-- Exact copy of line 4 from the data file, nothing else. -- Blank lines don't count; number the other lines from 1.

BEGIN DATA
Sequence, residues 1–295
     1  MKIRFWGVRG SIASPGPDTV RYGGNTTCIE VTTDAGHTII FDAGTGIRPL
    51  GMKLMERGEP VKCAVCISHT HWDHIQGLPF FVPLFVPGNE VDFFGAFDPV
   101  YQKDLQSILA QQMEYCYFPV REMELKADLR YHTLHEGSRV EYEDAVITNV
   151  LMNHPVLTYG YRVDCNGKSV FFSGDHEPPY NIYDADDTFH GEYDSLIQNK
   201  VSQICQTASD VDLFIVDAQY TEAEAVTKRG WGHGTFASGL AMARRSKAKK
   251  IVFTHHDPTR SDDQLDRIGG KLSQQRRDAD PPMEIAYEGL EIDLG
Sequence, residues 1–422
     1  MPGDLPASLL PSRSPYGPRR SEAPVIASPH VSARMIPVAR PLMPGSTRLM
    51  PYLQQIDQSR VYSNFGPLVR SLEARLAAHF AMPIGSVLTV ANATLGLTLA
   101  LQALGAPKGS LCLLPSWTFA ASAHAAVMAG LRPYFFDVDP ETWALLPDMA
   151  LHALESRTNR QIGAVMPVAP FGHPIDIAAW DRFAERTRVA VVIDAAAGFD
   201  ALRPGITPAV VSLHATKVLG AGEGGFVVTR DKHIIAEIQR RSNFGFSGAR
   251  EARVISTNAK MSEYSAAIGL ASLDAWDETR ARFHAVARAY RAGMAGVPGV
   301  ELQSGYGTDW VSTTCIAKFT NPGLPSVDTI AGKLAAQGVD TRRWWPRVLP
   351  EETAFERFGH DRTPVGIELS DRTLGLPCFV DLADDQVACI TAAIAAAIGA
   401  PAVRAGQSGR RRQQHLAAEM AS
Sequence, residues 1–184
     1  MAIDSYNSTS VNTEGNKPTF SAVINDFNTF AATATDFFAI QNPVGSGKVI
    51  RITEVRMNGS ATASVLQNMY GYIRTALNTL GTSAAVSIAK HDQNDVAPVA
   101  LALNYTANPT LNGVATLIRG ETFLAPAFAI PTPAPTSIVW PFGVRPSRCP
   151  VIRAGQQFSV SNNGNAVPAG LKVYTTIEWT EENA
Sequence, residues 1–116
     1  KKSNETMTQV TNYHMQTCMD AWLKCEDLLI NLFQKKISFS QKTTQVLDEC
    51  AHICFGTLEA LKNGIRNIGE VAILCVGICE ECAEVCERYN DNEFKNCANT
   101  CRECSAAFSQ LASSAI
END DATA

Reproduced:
   101  YQKDLQSILA QQMEYCYFPV REMELKADLR YHTLHEGSRV EYEDAVITNV